Wednesday, September 24, 2008

Jeux interdits (1952)

I liked Les Felins so much that I wanted to see one more work from director René Clément. After browsing through his filmography, I found that Jeux interdits was one of the most recommended and had won prizes, too. I just finished watched it. My opinion: one of the best movies I have seen!

Before watching, all I knew was that the film was about war in the eyes of children. That it also involved children making cemetery was something I didn't expect. I see now that it is based on Les jeux inconnus book by François Boyer. I always like stories about friendship between a little boy and a little girl. The story is set in June 1940. Little girl Paulette (Brigitte Fossey) with her parents and Jock the dog are among the refugees from Paris. On their way, German planes attack them, and Paulette's parents, and Jock, are dead. It's sad to see her carrying the dead Jock, wandering around, until she meets Michel Dollé (Georges Poujouly), son of a farmer, who takes her to his home. A bit funny to see the Dollés, in that time of war, are at war with their neighbour The Gouards. Michel's father only agrees to take care of Paulette because he wants to show his neighbour that he is better than them. Michel wants to keep the beautiful Paulette forever; Paulette who is clean, wears a lovely dress and smells nice.

The DVD contains an interview with Fossey and she said that at first Clément wanted a girl of 9 - 11 years old to play the role of Paulette. I'm glad that in the end he chose Fossey, who was only 5 years old that time. I love the way she walked in the movie, reminds me of my dear niece, who is at the same age. I love the way Paulette digs a hole for her dead dog. Her innocence is funny and sad at once. It's impossible not to weep at the tragic ending. I want Paulette to see the beautiful cemetery Michel has created for her. I hoped the story ends like the part on the blank page the boy reads to the girl, that they both finally find each other again. I think this is not a movie for children, for the ending is too cruel.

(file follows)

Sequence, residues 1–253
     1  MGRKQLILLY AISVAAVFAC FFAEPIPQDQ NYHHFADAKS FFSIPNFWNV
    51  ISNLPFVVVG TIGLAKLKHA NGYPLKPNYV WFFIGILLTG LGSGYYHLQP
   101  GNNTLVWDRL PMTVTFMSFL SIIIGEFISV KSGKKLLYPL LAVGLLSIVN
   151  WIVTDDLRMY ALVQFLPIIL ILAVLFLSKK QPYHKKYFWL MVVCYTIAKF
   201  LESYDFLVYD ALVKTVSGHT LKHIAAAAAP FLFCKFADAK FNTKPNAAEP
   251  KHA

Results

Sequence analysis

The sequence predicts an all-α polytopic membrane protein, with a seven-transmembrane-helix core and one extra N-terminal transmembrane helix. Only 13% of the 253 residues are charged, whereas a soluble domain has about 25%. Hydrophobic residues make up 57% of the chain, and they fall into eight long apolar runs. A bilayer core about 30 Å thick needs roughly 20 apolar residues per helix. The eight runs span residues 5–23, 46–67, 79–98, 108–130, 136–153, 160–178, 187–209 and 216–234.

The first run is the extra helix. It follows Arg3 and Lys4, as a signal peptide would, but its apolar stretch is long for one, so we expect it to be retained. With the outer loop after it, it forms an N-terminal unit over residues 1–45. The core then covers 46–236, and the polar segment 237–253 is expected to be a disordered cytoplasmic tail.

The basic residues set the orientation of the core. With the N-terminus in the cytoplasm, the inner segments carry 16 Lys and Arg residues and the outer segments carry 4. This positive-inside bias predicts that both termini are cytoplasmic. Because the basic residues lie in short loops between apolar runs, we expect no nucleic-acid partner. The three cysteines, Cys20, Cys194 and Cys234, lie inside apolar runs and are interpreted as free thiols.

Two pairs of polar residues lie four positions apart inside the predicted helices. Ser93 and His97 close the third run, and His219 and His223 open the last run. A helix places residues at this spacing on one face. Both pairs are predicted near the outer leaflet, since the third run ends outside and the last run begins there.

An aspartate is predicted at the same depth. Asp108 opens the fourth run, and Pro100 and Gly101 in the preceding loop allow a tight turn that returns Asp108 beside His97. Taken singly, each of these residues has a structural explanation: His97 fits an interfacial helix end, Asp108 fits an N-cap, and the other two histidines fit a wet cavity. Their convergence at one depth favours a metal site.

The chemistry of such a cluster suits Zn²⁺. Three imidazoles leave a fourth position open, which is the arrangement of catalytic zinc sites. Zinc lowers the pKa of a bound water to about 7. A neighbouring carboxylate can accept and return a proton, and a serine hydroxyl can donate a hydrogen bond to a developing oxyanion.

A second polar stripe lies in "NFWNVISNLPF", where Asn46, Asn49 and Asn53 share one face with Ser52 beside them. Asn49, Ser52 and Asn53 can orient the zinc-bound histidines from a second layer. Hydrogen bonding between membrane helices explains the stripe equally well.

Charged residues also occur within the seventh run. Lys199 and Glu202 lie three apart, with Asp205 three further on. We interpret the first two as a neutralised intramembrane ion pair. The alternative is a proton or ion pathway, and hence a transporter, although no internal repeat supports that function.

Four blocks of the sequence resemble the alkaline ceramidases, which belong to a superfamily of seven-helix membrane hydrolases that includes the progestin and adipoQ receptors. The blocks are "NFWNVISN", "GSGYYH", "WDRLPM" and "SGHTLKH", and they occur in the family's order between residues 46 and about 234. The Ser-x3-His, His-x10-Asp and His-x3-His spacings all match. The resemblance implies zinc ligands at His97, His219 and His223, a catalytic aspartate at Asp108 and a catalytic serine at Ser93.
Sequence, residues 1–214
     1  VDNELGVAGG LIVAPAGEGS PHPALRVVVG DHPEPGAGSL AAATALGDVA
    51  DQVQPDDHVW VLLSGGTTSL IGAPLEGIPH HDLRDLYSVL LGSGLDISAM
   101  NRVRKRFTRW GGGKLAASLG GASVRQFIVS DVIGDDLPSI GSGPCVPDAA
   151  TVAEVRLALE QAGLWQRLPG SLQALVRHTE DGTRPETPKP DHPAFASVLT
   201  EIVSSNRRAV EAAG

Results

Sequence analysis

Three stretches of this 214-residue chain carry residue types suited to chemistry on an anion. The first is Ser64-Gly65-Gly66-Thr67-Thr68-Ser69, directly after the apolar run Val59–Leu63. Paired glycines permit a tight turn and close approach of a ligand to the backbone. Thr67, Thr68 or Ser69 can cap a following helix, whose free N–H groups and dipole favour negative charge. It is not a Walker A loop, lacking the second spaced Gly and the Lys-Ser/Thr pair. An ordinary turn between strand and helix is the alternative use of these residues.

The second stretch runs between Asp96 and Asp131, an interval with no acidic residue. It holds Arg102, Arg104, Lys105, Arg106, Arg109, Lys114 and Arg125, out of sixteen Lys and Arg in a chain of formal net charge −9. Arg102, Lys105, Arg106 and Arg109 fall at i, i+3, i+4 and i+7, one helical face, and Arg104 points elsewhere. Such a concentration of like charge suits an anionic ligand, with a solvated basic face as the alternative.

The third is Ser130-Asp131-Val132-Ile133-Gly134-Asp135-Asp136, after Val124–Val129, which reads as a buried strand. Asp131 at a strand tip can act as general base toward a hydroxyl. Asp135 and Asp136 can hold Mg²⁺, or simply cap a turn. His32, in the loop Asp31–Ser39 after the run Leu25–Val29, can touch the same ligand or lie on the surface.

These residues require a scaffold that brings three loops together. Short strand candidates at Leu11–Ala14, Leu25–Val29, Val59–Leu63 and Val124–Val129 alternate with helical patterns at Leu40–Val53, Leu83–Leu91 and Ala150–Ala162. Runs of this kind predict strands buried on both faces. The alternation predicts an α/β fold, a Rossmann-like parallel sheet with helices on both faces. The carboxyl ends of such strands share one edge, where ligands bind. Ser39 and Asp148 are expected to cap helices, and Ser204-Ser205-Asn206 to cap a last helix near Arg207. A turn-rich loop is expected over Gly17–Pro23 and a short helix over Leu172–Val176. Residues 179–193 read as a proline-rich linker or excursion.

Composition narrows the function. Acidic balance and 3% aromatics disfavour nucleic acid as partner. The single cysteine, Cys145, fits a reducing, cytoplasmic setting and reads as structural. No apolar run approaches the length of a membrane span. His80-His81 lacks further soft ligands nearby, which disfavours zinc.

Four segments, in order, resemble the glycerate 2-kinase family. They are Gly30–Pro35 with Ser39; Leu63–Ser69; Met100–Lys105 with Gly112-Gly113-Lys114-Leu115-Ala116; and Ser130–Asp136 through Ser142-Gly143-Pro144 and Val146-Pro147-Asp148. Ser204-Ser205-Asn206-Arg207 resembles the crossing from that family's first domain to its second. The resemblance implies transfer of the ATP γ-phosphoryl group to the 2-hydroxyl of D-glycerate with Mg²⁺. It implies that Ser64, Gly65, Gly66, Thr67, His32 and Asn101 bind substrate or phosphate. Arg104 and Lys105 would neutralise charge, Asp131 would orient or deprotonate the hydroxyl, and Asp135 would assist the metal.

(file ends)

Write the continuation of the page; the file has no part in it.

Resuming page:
Marie-Octobre (1959)

In August 1944, Gestapo attacked the Vaillance network's headquarters and their leader Castille was killed. 15 years later, one of its member, Marie-Octobre (Danielle Darrieux), meets an ex-German soldier who tells her that one of her friends had betrayed them. Helped by Renaud-Picart (Paul Meurisse), Marie-Octobre invites the ex-Vaillance members to the ex-HQ to find the traitor.

"We may not be 13, but there is Judas Iscariot among us."

Except the opening scene which shows the road to the castle (HQ) and the façade, all the scenes are shot in one big room. It's like watching a play on stage. All the actors are excellent. The idea to gather all characters reminds me of Agatha Christie's And Then There Were None at first, but the murder they are trying to solve is a murder happened 15 years ago. Did Gestapo kill Castille? Each of them, who after 15 years are successful in their jobs, tries to remember what really happened. Interesting, because it's now clear that Simoneau (Bernard Blier) is the most disliked, but doesn't mean that it's him who killed their leader. I actually prefer the movie ends when Victorine tells her story, because it would be funny if after all the efforts, it turns out the Gestapo found out about the network because of a blunder. However it doesn't, and they finally find the traitor who confesses he killed Castille in cold blood. It's a crime of passion and greed.

Sunday, September 21, 2008

Ludwig (1972)

This movie is about King Ludwig II of Bavaria (1845-1886), from his coronation until the day he was found drown in the river with his physician. They say this king was mad, and here Visconti takes us to a journey, to know about this king, mostly from the testimonies of the people near to him. Falling in love with his married cousin, Elisabeth of Austria (Romy Schneider reprised her role as Sissi, but different from the sweet character from the popular series. Here, she tells Ludwig bitterly about her loneliness, that Franz Joseph chooses to go to war instead to be with her, and how she never gets along with her mother-in-law.), Ludwig is disappointed when Sissi tries to make him marry her sister, Sophie. Ludwig asks for her hand, but later breaks off the engagement. He spends state money to indulge his favourite musician, Wagner, and his favourite actor, Joseph Kainz. He also spends lots of money to build castles: Linderhof, Neuschwanstein and Herrenchiemsee; which are left empty. Finally his ministers cannot endure his eccentricism anymore and has a physician to declare him mad and unfit to rule. He is taken to Berg Castle, where later he and the doctor are dead.

The movie is extremely beautiful. As I have never been to Germany, I am really grateful with the numerous shots of the castles, i.e. when Queen Elizabeth comes to inspect them. The scene I love most probably when Ludwig feeds the swans.